In 2016, the United States spent a whopping $457 billion on retail and non-retail drugs. Of that total, the Medicare spend was $130 billion. On top of those huge numbers, the drug spend across the US increased 27 percent from 2011-2016, and hasn’t stopped. That 27 percent is more than 2.5 times the rate of growth in inflation, according to the Analysis of Centers for Medicare & Medicaid Services.
Because of these increases, and with more Americans feeling that the costs of prescription drugs are unreasonable, legislators have begun seriously discussing drug models that can lower costs and decrease the out-of-pocket burden for American consumers. But, how do they know where to start? Looking at how other countries manage drug costs is looking like a good jumping off point.
There are two reports we’d like to highlight that have studied these international models and the current state of U.S. drugs. Below, are statistics and excerpts that we think are important for our clients, employers, and American citizens to understand:
How the U.S. Compares (A Painful Pill to Swallow: U.S. vs. International Prescription Drug Prices prepared by the Ways and Means Committee Staff in September 2019)
The U.S. pays the most for drugs than any compared country, though prices varied widely. Currently, the U.S. spends 7x more than Japan on drugs, as an example.
U.S. drug prices were nearly four times higher than average prices compared to similar countries.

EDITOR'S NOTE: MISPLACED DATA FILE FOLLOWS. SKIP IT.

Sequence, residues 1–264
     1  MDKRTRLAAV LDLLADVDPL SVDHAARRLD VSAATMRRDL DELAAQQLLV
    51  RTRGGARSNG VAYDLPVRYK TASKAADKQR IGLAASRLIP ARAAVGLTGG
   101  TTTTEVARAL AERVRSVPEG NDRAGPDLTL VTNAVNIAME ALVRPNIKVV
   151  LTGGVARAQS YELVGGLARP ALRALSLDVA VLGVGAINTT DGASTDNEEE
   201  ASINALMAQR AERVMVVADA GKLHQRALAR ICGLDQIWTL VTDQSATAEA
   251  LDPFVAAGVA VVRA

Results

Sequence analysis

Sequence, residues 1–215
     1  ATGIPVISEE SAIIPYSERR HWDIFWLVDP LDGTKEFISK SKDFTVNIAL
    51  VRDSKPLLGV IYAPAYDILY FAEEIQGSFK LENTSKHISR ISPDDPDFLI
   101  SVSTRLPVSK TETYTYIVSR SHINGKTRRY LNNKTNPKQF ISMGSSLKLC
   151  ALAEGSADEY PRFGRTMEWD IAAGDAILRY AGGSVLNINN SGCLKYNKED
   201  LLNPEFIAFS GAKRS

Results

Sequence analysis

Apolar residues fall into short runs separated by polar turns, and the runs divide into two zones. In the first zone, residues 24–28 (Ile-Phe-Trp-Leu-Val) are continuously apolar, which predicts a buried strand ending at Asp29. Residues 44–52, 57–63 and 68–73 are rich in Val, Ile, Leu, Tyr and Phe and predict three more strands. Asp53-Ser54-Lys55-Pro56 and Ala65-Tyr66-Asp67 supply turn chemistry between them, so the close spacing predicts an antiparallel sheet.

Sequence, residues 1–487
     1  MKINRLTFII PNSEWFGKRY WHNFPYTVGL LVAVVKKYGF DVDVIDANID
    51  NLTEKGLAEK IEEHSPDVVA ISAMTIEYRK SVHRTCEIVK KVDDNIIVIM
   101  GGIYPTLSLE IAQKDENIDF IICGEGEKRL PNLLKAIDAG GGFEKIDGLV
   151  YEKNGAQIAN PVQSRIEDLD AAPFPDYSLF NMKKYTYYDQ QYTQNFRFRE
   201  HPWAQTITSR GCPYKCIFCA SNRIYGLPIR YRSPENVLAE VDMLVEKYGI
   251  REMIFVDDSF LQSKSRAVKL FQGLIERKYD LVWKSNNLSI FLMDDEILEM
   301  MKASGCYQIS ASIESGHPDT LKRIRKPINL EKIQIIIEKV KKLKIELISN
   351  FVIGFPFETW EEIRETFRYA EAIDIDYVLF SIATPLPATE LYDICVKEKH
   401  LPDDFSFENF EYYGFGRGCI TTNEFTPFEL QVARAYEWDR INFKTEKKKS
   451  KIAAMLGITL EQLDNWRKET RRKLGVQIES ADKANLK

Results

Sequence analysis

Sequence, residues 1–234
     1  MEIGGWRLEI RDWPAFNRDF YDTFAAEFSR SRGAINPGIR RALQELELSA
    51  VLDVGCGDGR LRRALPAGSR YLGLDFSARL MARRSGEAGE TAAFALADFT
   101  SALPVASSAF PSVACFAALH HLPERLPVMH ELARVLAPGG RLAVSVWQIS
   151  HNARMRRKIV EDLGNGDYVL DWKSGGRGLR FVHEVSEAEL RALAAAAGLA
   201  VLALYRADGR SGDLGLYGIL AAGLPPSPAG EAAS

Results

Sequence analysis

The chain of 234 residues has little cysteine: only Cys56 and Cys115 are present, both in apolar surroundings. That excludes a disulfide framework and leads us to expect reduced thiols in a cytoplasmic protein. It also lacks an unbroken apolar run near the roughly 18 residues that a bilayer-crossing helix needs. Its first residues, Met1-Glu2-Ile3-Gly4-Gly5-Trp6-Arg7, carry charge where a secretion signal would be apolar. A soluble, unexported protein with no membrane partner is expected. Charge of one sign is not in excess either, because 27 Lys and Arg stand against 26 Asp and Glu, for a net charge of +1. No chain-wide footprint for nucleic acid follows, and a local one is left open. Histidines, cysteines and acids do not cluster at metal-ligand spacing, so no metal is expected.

U.S. consumers pay significantly more for drugs than other countries, even when accounting for rebates.
The U.S. could save $49 billion annually if they adopted prices like those in Germany or the U.K.
Americans Feel that Drug Prices are Too High (Ways and Means, 2019)
Many families face the decision to pay for medicine or put food on the table.
79 percent of Americans believe the costs of prescription drugs are unreasonable and 26 percent of Americans are worried they might not be able to afford the prescription drugs they need (Kaiser Family Foundation Poll, 2018).
Patients can be responsible for nearly $10,000, on average, for pharmacy claims (AARP Public Policy Institute, 2017).
Protecting U.S. Citizens by Implementing External Reference Pricing (ERP) (Ways and Means, 2019)
We need to use other countries to create benchmark reference points for drug prices.
Countries can choose to use averages, points of variation, or manufacturer prices to calculate their drug prices with ERPs.
Prices are publicly available to create transparency.
Regardless of strategy, ERPs have been effective at ensuring prices, creating moderately priced drugs in a market, and reducing drug costs.
Understanding how the U.S. compares to other countries is helpful in determining policies to control costs (Rand Corporation Research Report on International Prescription Drug Price Comparisons, 2021)
It is important to accumulate and analyze new data to systematically compare drug prices in the United States to those in other countries.
Unbranded generic drugs in the US represent 84 percent of volume compared to 35 percent in other countries.
Overall, these reports paint a similar picture – drugs in the U.S. are overpriced and much of the burden falls on the consumers. Better policies will arise from analyzing data and benchmarks from other countries on their drug prices and models. But, we also need to implement smarter, strategic plans and initiatives to control costs and drive strong return-on-investment programs in regards to pharmacy benefits plans in the U.S. At Arxcel, we believe we have the proven results to help save the consumer and their employer money while getting them the medications they need to live a healthy life.
Questions about drug costs in the U.S. or international prescription benchmarks and comparisons? Let us know.